Native to eastern and southern Africa, aloes are now commonly cultivated worldwide, especially as houseplants. There are about 350 species of these perennials that also grow in the tropics, including Central and South America, India, and the Middle East. Aloes generally have prickly, gray-green succulent leaves that can reach a length of two feet and producing spikes of yellow or orange flowers. The leaves contain two different fluids — the inner portion is filled with a clear gel and the thick aloe skin contains a bitter yellow juice or latex.
- It is not to be confused with Agave americana, sometimes known as American Aloe.
- It can cause gastrointestinal cramping or contractions, so is contraindicated during pregnancy.
- It should not be used internally by those suffering from intestinal obstructions, kidney disease, colitis, and intestinal inflammations.
- In rare cases, heart arrythmias, kidney abnormalities, edema, and accelerated bone deterioration may occur.
- Do not use the bitters on the skin.
- Use as a laxative for only ten days at a time as long-term use can cause a loss of electrolytes, particularly potassium. Note that many “aloe” laxatives also contain senna, which is harder on the system and often, the real cause of the effectiveness of the laxative. Read the labels carefully. If aloe is not listed as the main ingredient, it is best to avoid that product.
- Care must be taken when using many commercially prepared products that contain “aloe” as usually there is not enough included to be of much value medicinally.
- amino acids
- anthraquinone glycosides (aloin, aloe-emodin)
- aloectin B
- salicylic acid
- steroid hormones
- fresh gel — to heal wounds and burns, treat fungal infections and insect bites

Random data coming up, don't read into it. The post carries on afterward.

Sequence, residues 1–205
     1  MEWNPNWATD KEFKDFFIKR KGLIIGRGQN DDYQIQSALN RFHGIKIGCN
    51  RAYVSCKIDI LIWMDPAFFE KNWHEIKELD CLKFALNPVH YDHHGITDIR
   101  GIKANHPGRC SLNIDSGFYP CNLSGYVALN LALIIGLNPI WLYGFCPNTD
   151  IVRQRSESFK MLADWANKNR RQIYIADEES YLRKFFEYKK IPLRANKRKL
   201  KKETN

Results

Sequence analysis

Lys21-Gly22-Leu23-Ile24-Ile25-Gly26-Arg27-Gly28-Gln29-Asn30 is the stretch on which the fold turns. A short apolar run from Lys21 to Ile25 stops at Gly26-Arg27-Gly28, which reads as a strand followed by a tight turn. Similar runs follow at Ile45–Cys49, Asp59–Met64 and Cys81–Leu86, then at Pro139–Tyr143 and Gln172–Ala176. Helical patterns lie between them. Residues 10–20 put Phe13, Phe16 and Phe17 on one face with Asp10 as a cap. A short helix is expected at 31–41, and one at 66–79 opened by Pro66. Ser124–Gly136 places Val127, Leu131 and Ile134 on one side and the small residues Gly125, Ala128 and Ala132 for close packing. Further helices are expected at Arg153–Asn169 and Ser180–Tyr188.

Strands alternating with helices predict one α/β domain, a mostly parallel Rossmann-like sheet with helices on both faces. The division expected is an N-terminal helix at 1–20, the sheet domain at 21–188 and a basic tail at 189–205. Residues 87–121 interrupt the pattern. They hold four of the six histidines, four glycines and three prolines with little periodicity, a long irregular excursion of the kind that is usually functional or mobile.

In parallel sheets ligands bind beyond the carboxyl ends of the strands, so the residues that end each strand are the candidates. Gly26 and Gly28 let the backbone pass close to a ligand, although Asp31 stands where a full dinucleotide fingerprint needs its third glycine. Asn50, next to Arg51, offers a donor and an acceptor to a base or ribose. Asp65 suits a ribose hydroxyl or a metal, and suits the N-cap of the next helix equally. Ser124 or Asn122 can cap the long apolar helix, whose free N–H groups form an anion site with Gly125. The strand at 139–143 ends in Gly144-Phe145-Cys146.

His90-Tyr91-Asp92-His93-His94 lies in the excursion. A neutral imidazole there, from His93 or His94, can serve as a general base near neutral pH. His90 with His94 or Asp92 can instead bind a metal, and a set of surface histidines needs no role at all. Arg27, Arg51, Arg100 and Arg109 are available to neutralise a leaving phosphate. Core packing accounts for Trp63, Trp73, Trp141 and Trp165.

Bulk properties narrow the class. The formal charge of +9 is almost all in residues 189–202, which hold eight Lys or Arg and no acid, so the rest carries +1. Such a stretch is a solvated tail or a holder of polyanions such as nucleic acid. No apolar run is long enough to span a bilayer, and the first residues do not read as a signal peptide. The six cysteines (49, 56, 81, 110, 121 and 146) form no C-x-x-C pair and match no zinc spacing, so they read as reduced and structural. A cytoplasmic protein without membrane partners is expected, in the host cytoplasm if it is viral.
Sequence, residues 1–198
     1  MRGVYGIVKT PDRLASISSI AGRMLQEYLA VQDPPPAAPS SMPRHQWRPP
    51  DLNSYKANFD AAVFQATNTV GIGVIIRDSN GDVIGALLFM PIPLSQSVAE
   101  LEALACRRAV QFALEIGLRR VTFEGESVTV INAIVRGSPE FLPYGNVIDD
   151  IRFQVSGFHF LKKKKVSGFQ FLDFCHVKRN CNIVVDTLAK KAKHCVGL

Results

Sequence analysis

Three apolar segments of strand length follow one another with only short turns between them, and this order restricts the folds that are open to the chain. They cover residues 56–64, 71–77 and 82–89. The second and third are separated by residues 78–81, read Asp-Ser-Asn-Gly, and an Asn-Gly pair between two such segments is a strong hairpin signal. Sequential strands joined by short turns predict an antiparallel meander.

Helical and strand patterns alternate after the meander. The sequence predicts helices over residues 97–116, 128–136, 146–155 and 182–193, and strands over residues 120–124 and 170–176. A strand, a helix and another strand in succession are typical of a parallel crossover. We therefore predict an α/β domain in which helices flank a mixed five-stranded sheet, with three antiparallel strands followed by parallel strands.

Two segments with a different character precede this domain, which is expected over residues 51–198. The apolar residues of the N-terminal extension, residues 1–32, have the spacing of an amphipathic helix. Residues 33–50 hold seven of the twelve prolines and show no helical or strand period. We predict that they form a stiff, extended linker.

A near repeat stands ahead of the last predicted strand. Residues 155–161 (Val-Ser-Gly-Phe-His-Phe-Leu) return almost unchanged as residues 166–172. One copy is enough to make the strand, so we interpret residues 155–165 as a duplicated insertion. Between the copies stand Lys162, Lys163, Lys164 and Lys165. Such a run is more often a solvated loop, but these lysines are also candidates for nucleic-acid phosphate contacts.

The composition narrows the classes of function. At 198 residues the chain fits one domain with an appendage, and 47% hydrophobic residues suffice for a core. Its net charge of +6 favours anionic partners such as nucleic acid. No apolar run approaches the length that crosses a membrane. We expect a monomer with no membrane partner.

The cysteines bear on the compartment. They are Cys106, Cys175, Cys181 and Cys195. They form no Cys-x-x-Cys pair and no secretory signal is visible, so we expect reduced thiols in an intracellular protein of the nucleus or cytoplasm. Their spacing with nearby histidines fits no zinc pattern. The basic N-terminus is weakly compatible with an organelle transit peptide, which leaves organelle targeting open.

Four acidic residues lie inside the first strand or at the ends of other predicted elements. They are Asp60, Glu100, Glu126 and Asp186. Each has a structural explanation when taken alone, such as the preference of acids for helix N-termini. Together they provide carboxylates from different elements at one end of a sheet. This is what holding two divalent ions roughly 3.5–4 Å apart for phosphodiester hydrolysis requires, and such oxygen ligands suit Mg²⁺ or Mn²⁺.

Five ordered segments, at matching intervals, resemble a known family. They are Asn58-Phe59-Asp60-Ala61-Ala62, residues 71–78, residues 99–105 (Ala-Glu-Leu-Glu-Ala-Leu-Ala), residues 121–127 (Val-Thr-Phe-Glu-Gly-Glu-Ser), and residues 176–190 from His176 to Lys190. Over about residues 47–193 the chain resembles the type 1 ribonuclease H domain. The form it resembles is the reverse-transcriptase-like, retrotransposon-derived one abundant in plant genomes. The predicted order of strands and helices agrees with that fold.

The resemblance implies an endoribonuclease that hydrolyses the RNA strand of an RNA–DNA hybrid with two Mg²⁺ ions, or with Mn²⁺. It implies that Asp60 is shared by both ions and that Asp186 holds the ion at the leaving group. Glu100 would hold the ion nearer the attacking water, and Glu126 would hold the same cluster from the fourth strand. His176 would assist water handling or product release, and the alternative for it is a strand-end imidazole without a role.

- dried bitters — as a short-term laxative
- commercial juice from gel — for peptic ulcers
- tinctures — to stimulate the appetite
- ointment — made by boiling a large quantity of gel until a thick paste, then using like fresh leaves
- inhalation of gel in a steam — to relieve bronchial congestion
- powder in capsules — to relieve constipation and to stimulate bile flow
Helps Relieves Heartburn
One of the most well establishes uses for the gel of the aloe Vera leaves is for its soothing action of stomach acidity. Indeed, the gel is alkaline in nature, helping to neutralize excess acidity and discomfort. This can promote healing of stomach ulcers, or just the discomfort that arises from chronic acid indigestion. Upon ingestion, aloe Vera gel causes a cooling sensation that even antacids can’t match.
Speeds Up Burn Healing
Burns are complex to deal with, as you have to balance controlling bacterial infestation with natural healing and trying to soothe discomfort as much as possible. While aloe Vera gel application has been used traditionally for centuries to heal burns, it would be smarter to use it as an adjuvant to other medical therapies for burn management. The cooling sensation of aloe Vera gel makes it perfect to apply when barrier dressings are not indicated (such as ointments), as it still allow the skin to naturally cool and breathe.
Helps Manage Diabetes
Studies conducted in both human and animal models have confirmed that it’s consumption can help offset the chronically high levels of blood sugar, from as little as consuming two teaspoons. Though it is not exactly clear the mechanism behind its action, it can be included in a natural regimen for managing diabetes.
Reduces Cholesterol Levels
While much discussion is made about cholesterol levels, triglyceride levels are arguably more important to manage, aloe Vera helps reduce triglyceride levels by as much as 30%, and when consumed with a diet rich in monounsaturated fats, overall lipid profiles are significantly improved.
Can Be Used As A Dental Remedy
Aloe Vera gel can be used to remove plaque from teeth, and to prevent the overgrowth of bacteria in the mouth. This also assists with prevention of dental caries, reduces incidence of gingivitis, and in conjunction with a chlorhexidine based mouthwash can form an effective oral mouth rinse.